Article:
IG of the Day: The Wage Gap

This chart, taken from the Weldon Cooper Center’s newly published, “Virginia Income Trends, 1980-2010,” illuminates the growing income gap in Virginia. This chart, which shows the growing disparity in wages, has more meaning to me than stats showing the disparity as measured by adjusted gross income reported to the Internal Revenue Service, a commonly cited metric.

If income inequality on the lower end results from the breakdown of the family structure and the rise of single-parent families, the problem is cultural in nature, not economic. Likewise, if income inequality on the upper end arises from an increasing number of two-income families, my reaction is, what’s wrong with that? But if income inequality results from a higher rate of return on education and declining opportunities for Americans with low levels of education — as shown here — the public policy implications are very different.


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4 responses to “IG of the Day: The Wage Gap”

  1. I’d like to point out that for wage earners.. their income is taxed at least twice.

    how so?

    well.. look at their gross.. which FICA withdrawals are based.. but then unlike deductions for 401/IRQ.. income taxes are assessed on the Gross income, not what is left after FICA is assessed.

    why is that?

    No wonder those who can – get compensation in methods that are taxed far less, eh?

  2. “a higher rate of return on education….”

    There is no doubt people with degrees make more money – the chart clearly shows that. However, looking at a persons income vs. their education level is only one part of the equation.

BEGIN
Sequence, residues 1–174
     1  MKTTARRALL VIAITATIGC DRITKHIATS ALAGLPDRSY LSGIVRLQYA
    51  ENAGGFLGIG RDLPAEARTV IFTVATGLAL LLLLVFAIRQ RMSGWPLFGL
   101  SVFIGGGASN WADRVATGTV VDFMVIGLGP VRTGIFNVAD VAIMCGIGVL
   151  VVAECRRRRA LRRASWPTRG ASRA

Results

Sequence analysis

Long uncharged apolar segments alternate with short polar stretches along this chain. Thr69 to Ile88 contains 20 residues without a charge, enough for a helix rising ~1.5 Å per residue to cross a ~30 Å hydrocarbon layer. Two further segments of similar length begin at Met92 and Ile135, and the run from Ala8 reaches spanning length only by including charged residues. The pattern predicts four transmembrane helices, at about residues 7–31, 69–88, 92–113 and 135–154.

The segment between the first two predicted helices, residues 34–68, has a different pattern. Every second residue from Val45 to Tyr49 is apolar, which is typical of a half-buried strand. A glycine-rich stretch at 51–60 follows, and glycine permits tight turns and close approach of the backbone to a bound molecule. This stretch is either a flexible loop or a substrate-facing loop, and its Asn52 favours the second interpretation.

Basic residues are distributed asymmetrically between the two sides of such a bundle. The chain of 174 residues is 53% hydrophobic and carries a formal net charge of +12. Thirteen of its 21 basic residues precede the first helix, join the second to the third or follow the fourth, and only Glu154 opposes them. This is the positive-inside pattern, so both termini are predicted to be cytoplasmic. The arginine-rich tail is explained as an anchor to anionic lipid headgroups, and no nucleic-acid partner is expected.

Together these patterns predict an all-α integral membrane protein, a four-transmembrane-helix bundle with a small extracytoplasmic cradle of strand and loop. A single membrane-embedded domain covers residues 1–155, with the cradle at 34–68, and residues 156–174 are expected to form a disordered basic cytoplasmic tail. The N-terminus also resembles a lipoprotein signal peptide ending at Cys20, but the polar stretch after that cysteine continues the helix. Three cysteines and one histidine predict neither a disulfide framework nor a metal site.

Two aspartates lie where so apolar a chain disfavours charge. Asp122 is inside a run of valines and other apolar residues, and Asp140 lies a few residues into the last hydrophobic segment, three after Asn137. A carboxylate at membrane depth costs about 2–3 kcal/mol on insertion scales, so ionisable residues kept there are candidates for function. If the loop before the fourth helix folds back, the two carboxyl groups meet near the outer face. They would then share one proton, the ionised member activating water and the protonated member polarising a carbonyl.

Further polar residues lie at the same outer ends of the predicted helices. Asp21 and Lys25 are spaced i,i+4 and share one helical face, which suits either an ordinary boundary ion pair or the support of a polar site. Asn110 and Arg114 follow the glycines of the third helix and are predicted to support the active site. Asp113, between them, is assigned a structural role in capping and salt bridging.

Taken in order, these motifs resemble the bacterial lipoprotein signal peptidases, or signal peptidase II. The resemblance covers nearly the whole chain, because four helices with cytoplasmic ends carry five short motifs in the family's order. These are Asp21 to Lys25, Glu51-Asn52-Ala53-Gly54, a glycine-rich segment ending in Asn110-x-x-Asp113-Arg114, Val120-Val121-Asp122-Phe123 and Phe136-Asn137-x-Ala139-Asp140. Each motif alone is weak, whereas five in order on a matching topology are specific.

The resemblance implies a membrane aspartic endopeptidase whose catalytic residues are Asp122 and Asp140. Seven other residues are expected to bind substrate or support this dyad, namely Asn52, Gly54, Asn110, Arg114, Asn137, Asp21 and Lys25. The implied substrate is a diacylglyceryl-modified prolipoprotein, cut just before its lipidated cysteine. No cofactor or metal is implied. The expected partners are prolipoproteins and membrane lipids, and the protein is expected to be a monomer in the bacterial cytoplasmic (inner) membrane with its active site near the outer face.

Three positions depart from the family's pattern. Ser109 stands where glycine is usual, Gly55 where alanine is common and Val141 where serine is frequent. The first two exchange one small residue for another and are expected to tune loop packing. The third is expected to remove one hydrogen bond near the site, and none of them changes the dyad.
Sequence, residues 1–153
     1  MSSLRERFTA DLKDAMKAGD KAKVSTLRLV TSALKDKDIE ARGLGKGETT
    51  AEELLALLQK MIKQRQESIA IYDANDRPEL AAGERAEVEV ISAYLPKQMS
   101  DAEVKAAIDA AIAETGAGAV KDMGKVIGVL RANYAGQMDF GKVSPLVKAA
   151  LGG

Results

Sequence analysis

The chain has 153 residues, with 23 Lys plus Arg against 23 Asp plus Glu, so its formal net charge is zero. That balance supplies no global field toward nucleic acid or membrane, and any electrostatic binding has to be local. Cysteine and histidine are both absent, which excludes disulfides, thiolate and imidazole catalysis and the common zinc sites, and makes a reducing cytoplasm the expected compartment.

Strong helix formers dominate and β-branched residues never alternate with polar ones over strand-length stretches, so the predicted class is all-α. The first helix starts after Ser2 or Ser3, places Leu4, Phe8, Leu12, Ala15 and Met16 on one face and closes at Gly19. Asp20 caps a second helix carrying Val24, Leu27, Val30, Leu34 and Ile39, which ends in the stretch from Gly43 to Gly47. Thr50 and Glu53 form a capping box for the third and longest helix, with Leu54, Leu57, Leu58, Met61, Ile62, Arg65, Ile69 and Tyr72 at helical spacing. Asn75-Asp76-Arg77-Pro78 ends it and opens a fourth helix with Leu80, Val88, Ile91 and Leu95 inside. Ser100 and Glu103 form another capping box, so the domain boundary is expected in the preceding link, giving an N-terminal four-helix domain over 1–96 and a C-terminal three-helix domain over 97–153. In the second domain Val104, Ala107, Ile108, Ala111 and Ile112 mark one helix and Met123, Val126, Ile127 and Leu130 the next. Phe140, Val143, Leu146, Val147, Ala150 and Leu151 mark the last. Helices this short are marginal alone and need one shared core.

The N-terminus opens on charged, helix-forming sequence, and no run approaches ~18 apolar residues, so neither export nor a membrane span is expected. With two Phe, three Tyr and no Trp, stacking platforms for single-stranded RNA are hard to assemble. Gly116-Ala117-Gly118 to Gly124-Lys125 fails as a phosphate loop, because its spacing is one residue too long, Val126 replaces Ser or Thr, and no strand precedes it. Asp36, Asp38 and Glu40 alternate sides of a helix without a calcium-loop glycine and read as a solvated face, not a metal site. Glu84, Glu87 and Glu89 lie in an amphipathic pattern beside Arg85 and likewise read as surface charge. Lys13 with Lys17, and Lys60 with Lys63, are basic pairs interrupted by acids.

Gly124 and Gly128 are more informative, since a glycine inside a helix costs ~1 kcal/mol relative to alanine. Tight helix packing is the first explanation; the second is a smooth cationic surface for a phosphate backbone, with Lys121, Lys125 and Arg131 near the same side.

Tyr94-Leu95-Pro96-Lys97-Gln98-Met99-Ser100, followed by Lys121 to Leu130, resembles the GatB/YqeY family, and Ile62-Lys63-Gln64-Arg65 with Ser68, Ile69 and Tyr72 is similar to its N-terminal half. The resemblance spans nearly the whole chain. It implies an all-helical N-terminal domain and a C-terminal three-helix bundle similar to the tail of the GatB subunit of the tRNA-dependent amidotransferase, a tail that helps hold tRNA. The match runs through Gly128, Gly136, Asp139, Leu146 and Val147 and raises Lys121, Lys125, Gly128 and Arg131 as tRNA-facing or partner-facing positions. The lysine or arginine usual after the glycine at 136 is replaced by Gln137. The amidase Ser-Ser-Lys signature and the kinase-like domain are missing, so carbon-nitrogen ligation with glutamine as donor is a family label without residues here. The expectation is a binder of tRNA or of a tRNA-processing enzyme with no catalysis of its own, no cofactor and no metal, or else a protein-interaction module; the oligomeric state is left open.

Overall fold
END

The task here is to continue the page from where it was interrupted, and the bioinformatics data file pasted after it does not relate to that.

The issue now is whether or not education is a good investment because the cost is so great and the payback takes so long (assuming you have to borrow money).

    Some of the stats mentioned in the link below are down right scary.

    “Today, assuming you graduate and learned anything, your employment prospects are uncertain. Slightly more than half, 53 percent, of college graduates are employed full-time, according to a 2011 study from Rutgers University’s John J. Heldrich Center for Workforce Development. Meanwhile their average salary between 2009 and 2010 was $27,000 — barely enough to either pay back their student loans or to live on — but probably not both. Another 21 percent are in graduate school. And almost half of the employed are working in jobs they could have qualified for straight out of high school. The numbers are even worse for the many weak students colleges now admit. An analysis of Bureau of Labor Statistics data by the Chronicle of Higher Education indicates that 60 percent of the increase in the number of college graduates from 1992 to 2008 worked on jobs barely requiring a high school diploma.”

    “Many college graduates and especially dropouts might reasonably wonder if they might have been better off forgoing college and instead getting an apprenticeship or on-the-job training, perhaps at the elbow of a successful, ethical entrepreneur and investing the fortune they would have spent on college in blue-chip stocks. Indeed, in a GfK Roper Public Affairs & Media poll, nearly half of Americans polled felt college students, at both public and private colleges, were not getting their money’s worth.”

    Read more;


  3. HardHatMommy Avatar

    I’d love to see the median income data from Northern Virginia alone and from the state without Northern Virginia. I feel like we can’t figure out the real story of what is happening when Northern Virginia’s data is mixed in with the rest of the state. There are unique social and economic structures at play in Northern Virginia that may skew the data from the rest of the state.

  4. HardHatMommy, a previous post on a study published by the Commonwealth Institute contains some interesting data. (Check the third chart.)

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